The intention of this study was to evaluate the relationship between SAS and postoperative complications and identify characteristics of those patients admitted to the ICU for various reasons such as surgery complexity, preoperative comorbidities, or vigilant monitoring. Patients with low scores were more likely to have undergone emergency surgery and were more likely to have required fluid and blood product administration during surgery. Patients with low scores were also more likely to have an increased duration of stay, and use mechanical ventilation, inotropes, and CRRT in the ICU. In addition, the incidence of postoperative complications, including mortality, was higher in the lower SAS group.

In this study, with a one-point increase in SAS score, postoperative complications and mortality decreased by 40%. Risk was doubled with each lower level SAS group. Therefore, it can be considered that this score, which is measured during surgery, corresponds closely to an increased risk of postoperative complication. Consequently, more vigilant monitoring and adequate intervention in the immediate postoperative period are vital for the patient who is admitted to the ICU, especially those with a low SAS score.

Some of the limitations of this study are as follows: firstly, this study was retrospective, and further studies determining real time admission requirements to the ICU, based on this score, are necessary; secondly, evaluation of the major postoperative complications cannot disregard the preand intra-operative management as well as post-operative ICU management. However, patients transferred to the ICU after the surgery received hospital-based standard care by two intensivists. Therefore, it is thought that the difference in postoperative ICU care in patients would not have been significant. Moreover, we did not evaluate the relationship with various other scoring systems in the patient groups admitted to the ICU. This study also has some problems with respect to patient’ baseline demographics. When examining the characteristics of the study participants, younger patients, and those with a hepatobiliary operation or emergency operation had a low SAS. In addition, trauma patients were younger than lung surgery patients. It may be thought that complication and mortality is correlated with trauma and not with a low SAS. Lastly, there may be some limitations in expanding the results of this study to other patients because it was a study of patients who were admitted to the ICU after surgery for various reasons.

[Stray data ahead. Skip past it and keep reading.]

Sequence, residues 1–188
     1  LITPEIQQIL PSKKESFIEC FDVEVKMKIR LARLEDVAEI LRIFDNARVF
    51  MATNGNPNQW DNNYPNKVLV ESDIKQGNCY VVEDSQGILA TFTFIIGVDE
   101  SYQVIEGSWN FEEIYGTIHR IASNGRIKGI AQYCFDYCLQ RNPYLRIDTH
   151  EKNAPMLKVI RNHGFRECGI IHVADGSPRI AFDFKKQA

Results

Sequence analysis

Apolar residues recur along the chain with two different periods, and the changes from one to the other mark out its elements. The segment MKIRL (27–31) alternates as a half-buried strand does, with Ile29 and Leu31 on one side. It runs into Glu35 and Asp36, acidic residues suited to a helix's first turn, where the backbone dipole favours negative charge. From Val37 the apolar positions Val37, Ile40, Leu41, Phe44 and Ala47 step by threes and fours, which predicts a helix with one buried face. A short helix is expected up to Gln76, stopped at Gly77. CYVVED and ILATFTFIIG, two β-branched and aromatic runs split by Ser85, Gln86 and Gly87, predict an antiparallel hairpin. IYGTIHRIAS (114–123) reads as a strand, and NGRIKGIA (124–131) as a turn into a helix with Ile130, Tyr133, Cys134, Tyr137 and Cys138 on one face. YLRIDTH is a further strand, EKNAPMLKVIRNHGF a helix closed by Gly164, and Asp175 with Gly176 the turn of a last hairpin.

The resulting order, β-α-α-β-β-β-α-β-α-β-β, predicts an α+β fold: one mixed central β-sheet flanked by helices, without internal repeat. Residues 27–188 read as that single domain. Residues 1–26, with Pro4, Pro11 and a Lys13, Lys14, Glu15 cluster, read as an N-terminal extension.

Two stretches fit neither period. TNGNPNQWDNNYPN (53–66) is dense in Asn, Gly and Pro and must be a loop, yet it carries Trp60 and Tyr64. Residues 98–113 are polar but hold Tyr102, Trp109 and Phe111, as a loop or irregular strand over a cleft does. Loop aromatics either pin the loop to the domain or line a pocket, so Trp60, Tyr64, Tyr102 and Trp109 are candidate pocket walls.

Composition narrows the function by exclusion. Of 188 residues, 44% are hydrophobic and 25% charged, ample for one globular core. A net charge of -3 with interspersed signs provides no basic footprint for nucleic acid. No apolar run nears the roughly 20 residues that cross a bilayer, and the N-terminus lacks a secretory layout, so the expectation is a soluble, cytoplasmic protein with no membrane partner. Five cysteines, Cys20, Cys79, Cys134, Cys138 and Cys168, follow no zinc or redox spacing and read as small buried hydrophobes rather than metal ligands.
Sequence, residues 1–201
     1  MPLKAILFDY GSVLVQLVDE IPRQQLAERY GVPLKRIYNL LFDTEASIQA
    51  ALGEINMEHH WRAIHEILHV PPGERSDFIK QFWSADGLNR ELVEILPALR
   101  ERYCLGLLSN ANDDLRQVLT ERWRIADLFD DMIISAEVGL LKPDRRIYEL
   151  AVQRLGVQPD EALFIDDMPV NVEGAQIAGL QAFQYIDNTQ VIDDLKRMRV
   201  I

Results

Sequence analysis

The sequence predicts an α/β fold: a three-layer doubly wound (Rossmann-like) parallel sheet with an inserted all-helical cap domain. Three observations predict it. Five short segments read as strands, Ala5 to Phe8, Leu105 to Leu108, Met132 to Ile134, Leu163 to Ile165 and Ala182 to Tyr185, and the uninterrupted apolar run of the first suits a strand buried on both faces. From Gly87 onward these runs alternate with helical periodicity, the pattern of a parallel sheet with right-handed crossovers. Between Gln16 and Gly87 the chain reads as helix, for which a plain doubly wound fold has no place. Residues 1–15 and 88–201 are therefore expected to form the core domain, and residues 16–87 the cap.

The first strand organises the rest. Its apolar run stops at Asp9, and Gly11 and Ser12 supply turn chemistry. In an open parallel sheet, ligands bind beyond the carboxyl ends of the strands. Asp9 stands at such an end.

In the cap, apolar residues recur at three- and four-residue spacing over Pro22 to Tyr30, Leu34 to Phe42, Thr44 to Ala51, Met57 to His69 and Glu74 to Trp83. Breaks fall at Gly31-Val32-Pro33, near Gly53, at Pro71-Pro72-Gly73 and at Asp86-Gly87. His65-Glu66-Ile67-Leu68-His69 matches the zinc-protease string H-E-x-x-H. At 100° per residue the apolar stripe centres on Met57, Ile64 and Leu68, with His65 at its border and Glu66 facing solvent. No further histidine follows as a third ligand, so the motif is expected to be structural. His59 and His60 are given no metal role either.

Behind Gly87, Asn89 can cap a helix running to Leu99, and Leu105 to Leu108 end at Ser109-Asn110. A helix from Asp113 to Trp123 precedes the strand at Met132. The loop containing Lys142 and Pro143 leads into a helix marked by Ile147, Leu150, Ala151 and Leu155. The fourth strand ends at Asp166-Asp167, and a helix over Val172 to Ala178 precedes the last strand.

The results of this study suggest that patients with a low SAS on postoperative admission to the ICU have an increased risk of postoperative complication and mortality. Therefore, by communicating accurate intra-operative patient information to the ICU, the quality of patient treatment can be greatly improved.

CONFLICTS OF INTEREST

No potential conflict of interest relevant to this article was reported.